9 Mar 2021

Partner Visas in the COVID-19 Era | What you should know

Since international travel restrictions began, it has become more difficult for visa applicants to satisfy their visa requirements – particularly the Offshore Visa Grant Requirement. 

This requires many applicants that applied for their visa offshore to also be overseas at the time of their visa grant. 

Thankfully, from 27 February 2021 a temporary concession applied which may allow the below Partner and Child Visa applicants in Australia to have their visa granted without having to leave the country (conditions apply). 

-309 Partner Visa and 300 Prospective Marriage Partner Visa

-101 Child Visa, 102 Adoption Visa and 445 Dependent Child Visa applicants

The temporary concession also applied from 24 March 2021 for the below Parent Visa applicants in Australia

-173 Contributory Parent Visa, 143 Contributory Parent Visa and the 103 Parent Visa

Read on to find out more about this change – particularly for Partner Visa applicants – plus our summary of what you should know about applying for Partner Visas in the COVID-19 Era. 

Offshore 309/100 and 300 Partner Visa Applicants

Australia’s international travel restrictions have impacted Onshore and Offshore Visa applicants in different ways. 

Usually, those who apply for a Partner Visa offshore must be outside Australia at the time the Partner Visa is lodged and granted (ie, the Offshore Visa Grant Requirement). 

As you can see above, Offshore Partner Visa applicants are usually separated from their loved one for a long period before the Temporary Partner Visa is granted. 

In the past, many Offshore Partner Visa applicants would have:

-Applied for other Temporary Visas to see their loved one in Australia while waiting for their Temporary Partner Visa to be granted.

-Planned to travel out of Australia to meet the Offshore Visa Grant requirement.

However, due to the pandemic, many Offshore Partner Visa applicants may currently be in Australia facing difficulties in travelling out of the country. 

The temporary concession will mean these Partner Visa applicants already in the country may be able to have their visa granted without leaving Australia. 

Once approved, they will also no longer have to apply for new Temporary Visas to extend their stay, which can be stressful and expensive.

A further temporary concession also applies to Subclass 300 Prospective Marriage Visa applicants whose visa is granted from 27 February 2021

These visa holders may be eligible for a visa grant period of up to 15 months (increased from 9 months) at the discretion of the Department.

Onshore 820/801 Partner Visa Applicants

Fortunately, those who apply for a Partner Visa Onshore are usually unaffected by the travel restrictions because their visa requirements do not require travel out of Australia. 

They can remain in Australia from the time of applying for the Partner Visa to the time it is granted. Here’s an example of the Onshore Partner Visa journey.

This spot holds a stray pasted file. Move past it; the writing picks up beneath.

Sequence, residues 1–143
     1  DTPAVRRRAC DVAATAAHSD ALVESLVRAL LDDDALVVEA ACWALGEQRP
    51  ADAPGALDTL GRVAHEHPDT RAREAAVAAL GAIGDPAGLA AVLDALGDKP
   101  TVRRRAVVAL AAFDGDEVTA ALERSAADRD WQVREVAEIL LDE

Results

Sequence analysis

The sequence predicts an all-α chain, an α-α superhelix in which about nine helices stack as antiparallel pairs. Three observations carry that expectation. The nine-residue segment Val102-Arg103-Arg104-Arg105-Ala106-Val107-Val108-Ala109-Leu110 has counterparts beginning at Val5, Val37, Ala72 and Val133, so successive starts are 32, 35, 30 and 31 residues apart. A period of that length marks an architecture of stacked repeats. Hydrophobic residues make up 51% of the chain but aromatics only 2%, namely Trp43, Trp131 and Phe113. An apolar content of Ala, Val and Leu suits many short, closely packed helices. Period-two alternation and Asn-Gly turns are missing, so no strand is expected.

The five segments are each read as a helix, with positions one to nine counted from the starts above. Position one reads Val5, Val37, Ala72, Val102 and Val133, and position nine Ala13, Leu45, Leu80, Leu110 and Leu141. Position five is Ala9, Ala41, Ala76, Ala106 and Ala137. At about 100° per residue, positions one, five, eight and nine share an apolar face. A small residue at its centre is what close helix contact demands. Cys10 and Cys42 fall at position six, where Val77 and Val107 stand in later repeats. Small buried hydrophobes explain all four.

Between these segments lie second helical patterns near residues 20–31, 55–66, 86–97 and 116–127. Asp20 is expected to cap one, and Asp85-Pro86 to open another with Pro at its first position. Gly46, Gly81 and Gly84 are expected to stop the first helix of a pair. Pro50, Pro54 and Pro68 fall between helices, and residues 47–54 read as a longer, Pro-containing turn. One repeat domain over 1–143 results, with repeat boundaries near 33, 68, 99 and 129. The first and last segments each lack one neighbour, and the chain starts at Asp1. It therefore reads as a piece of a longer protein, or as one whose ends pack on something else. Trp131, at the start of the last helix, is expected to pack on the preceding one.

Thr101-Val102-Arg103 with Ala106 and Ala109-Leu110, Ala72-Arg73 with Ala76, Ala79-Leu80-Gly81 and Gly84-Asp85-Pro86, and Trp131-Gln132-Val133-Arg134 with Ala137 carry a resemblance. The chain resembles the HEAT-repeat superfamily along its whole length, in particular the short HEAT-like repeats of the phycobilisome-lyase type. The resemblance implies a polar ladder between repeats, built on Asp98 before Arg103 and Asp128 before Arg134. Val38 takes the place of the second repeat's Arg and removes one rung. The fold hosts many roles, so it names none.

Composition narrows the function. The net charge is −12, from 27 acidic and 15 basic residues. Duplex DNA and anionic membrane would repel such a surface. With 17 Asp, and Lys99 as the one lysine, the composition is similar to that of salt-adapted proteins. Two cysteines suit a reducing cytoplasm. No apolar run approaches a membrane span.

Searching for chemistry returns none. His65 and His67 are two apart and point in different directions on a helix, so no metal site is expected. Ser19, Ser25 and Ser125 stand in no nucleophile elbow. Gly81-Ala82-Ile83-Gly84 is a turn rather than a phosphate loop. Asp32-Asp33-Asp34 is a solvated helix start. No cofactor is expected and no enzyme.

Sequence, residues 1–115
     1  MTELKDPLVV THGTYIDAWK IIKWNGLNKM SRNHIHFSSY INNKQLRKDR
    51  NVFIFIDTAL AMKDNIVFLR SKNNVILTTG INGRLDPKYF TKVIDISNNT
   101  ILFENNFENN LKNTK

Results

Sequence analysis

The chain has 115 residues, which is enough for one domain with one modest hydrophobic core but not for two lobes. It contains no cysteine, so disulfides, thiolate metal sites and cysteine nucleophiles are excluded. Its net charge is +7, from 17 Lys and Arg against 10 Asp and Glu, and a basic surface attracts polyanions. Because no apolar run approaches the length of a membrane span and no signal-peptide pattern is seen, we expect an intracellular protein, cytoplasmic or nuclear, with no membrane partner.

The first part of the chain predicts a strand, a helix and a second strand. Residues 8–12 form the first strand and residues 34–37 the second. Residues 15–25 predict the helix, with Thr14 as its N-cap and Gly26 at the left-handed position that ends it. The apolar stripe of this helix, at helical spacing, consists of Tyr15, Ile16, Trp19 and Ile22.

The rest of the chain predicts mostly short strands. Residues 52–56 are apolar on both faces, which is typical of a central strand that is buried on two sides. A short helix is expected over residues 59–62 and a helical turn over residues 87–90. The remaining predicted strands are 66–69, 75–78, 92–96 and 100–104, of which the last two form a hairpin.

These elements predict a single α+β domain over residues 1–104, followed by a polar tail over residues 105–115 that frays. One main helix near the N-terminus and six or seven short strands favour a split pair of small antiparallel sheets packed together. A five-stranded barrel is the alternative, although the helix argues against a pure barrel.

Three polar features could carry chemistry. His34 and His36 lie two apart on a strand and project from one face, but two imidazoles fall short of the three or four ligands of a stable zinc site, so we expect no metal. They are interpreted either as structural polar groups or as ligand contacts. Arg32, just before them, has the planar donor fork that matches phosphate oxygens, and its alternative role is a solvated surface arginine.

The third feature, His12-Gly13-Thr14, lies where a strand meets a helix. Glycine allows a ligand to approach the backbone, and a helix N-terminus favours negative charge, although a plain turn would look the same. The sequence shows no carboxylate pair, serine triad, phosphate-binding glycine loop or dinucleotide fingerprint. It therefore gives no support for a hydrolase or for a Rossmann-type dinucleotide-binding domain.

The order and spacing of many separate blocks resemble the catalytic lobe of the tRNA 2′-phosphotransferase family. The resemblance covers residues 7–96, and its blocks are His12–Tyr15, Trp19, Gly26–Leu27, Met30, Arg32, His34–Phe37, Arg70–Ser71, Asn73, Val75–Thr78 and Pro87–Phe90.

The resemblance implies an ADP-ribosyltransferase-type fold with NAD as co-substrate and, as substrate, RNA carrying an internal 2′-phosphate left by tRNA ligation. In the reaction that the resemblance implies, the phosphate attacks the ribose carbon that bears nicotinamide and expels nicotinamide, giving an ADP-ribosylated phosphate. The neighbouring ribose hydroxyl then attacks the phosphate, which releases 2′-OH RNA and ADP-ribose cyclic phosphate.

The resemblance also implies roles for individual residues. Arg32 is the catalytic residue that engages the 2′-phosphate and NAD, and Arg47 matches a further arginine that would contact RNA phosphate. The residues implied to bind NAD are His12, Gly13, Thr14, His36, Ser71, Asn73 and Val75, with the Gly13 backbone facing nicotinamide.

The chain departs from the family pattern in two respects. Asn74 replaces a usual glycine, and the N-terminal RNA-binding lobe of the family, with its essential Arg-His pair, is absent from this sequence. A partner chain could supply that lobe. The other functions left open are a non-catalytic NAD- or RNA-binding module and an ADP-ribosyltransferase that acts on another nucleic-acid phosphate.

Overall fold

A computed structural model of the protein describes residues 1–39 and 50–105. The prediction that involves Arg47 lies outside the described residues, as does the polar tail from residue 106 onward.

Partner Visas in the COVID-19 Era 

If you are wanting to apply for a Partner Visa, it is still possible to do so during the pandemic. Here’s what you should know: 

The Government is focused on processing Partner Visas – particularly for applicants already in Australia who apply onshore.

The Government processing time is currently 23 to 28 months for an Onshore 820 Partner Visa. The applicant can stay in Australia while it is being decided. 

The below graph shows the impact of the pandemic on Onshore 820 Partner Visa grants from 1 Jan 2020 to 31 Dec 2020.

For partners overseas – it is also still possible to apply for a Partner Visa. The Government processing time is currently 18 to 22 months for 309 Offshore Partner Visas. Once granted, Subclass 309 Partner Visa holders can come to Australia without requesting for a Travel Exemption. 

The below graph shows the impact of the pandemic on Offshore 309 Partner Visa grants from 1 Jan 2020 to 31 Dec 2020.

In addition, more placements are available for Partner Visas – placements increased to 72,300 people this year, which is the bulk of the 77,300 placements in the Family Stream

Our migration agents have noticed an increase in Department ‘Requests for Further Information’ for Partner Visa applications. This indicates the Government is committed to filling the placements. 

The Government have also informed the Migration Institute of Australia that more resources are being dedicated to processing Partner Visas while other visa options are not possible for travel at this time.

A Temporary Concession has also been implemented to allow sponsors of Offshore 309 Partner Visa applicants to appeal a visa refusal decision – conditions apply. 

Immigracious | Migration Connections Made Simple

We hope this was helpful. You may also be interested in our other Australian immigration insights:

New Travel Rules to Come to Australia
Australia Travel Declarations | What To Do Before Travelling
Update on Travel Exemptions and Priority Skills List
Critical Skills and Compassionate Travel Exemptions in the COVID-19 Era

As always, we are here to support you. If you have any queries about your visa circumstances or options, get in touch with our Registered Migration Agents.

Sheila Woods

Posted by: Sheila Woods

A very experienced migration agent, Sheila has always been fascinated by this field. Her university degree thesis was on Australia’s post-war immigration history (and it earned her first-class honours).

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